But the Sweets’ lack of a comeback does not put them out on the streets. When we first meet Pat Hodges, on the other hand, she is indeed homeless. Hodges, James and Smith had a few hits, yes, but the group disintegrated under the tyrannical control of former Motown producer William “Mickey” Stevenson. Very little came of Hodges’ career after that, despite her obvious surfeit of talent. Pietor Angell tries to put her life back on track, and indeed does produce a few hits on the club charts for the singer. But having a successful hit on the club charts does not necessarily translate into fat royalty checks. At one point, Angell reflects that the DJ’s are the stars in the clubs, not the artists, even though the DJ’s aren’t the performers on the records.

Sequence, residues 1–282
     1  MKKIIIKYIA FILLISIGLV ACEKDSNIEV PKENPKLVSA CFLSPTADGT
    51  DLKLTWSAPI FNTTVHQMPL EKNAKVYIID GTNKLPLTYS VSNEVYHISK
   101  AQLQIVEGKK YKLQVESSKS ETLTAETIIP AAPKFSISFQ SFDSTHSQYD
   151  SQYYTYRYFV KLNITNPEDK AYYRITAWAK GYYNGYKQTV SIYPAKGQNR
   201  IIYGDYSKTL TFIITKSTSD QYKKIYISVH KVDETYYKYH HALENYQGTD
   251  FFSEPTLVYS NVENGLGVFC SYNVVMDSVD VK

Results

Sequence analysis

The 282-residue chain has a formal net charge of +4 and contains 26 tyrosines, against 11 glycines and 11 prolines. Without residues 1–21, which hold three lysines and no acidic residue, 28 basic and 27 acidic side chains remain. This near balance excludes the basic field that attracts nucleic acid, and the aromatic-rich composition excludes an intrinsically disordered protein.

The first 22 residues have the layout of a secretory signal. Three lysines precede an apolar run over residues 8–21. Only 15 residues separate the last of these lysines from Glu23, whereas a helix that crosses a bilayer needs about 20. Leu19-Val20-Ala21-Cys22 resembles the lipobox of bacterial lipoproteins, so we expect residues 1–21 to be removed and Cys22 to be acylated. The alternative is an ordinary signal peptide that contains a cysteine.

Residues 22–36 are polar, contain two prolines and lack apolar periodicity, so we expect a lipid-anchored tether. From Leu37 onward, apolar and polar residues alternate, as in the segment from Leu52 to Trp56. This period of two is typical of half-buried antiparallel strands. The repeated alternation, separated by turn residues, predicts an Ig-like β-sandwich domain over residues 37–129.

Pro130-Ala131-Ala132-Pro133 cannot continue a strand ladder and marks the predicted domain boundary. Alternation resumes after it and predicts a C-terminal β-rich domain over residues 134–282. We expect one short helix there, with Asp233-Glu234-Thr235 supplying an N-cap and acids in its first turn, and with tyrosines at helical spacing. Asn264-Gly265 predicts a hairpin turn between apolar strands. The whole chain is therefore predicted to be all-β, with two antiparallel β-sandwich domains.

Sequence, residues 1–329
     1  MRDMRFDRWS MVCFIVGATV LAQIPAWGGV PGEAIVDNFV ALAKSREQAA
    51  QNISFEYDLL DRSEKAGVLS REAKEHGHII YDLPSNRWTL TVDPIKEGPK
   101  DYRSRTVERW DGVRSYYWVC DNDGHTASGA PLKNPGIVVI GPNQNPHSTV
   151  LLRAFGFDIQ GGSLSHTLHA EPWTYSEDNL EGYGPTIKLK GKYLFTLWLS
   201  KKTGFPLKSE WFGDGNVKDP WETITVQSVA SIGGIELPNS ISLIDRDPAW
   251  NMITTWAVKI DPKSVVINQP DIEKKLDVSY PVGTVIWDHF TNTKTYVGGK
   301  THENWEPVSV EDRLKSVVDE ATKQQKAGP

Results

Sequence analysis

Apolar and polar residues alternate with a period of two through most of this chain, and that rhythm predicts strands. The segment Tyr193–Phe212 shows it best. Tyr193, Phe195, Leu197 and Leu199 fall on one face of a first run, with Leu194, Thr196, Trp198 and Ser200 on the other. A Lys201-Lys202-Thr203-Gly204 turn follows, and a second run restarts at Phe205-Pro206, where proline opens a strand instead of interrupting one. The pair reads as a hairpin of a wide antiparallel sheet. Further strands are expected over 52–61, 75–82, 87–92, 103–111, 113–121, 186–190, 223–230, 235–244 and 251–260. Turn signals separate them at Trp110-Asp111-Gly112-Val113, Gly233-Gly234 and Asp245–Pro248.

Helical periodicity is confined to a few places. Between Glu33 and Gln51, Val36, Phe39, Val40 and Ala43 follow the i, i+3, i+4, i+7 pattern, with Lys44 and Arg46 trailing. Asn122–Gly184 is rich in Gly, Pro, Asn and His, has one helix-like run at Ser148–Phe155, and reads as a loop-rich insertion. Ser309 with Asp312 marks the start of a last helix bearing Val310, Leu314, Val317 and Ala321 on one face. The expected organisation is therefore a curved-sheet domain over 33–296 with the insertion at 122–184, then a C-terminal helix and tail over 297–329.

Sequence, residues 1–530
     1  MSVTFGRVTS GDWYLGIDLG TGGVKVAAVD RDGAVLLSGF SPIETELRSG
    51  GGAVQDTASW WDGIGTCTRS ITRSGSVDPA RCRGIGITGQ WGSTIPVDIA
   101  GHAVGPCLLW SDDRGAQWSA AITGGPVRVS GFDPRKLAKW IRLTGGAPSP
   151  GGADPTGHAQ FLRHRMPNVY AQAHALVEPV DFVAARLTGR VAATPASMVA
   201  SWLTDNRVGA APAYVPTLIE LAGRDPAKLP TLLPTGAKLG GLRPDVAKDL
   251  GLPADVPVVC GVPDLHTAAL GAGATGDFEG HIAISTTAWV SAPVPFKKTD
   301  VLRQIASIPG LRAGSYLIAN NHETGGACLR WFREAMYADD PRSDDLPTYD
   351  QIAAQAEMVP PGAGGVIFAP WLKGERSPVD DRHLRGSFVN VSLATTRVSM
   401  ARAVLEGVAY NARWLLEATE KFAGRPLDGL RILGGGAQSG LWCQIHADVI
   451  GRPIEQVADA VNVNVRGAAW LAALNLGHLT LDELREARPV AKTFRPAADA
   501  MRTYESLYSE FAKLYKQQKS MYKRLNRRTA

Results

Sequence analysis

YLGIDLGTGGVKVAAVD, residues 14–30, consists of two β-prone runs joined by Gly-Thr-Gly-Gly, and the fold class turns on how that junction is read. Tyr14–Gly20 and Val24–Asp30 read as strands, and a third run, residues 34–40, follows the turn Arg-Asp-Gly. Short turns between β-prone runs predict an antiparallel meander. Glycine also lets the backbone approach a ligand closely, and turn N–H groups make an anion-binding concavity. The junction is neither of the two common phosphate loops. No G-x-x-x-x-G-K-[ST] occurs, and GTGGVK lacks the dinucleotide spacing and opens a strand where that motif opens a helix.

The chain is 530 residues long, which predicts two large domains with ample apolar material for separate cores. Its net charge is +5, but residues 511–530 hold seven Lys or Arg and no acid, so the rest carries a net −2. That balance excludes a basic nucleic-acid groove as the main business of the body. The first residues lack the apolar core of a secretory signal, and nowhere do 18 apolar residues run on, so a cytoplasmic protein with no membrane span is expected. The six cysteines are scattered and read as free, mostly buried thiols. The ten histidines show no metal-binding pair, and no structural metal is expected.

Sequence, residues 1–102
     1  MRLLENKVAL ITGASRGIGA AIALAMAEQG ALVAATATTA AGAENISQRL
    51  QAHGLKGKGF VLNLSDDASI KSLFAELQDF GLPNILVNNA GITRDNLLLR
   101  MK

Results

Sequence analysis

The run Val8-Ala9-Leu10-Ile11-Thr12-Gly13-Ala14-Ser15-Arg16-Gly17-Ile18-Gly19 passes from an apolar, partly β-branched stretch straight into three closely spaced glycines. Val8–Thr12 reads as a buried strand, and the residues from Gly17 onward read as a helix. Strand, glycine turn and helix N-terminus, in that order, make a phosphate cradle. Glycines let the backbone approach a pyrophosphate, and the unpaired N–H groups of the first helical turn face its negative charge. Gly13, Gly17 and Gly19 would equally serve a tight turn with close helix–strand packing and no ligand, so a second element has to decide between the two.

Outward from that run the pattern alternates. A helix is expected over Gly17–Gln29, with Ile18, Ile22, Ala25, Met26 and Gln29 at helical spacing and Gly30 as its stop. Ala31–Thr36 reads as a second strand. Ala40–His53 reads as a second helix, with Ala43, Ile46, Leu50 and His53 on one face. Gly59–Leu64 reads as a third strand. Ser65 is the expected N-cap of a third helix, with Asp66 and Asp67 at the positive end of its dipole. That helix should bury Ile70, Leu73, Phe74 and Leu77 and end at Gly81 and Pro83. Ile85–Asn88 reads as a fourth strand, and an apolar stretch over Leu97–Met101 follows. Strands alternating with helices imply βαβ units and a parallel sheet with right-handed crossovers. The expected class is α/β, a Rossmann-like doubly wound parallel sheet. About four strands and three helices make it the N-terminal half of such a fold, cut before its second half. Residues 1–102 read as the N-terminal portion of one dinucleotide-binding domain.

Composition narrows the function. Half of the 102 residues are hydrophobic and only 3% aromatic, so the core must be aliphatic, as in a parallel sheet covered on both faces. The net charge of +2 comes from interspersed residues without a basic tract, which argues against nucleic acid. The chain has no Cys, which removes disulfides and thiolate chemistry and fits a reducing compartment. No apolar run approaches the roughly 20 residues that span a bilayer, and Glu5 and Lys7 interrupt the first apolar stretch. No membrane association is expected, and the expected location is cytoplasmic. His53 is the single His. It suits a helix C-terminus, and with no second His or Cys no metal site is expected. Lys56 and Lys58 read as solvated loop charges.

Hodges has the vocal power and all the right tools, but she suffers from a serious weight problem. Angell makes sure she works out with a trainer to ward off future health problems. But eventually, Hodges loses her fire. She appreciates all Angell has tried to do for her, but as the money fails to materialize, her enthusiasm for a comeback waxes and wanes. Her sessions sound fine, her live performances are of more variable quality, and she holds her own in a meeting with the Sweet Inspirations, but her desire diminishes. At at the time of the film’s release, her album remained uncompleted.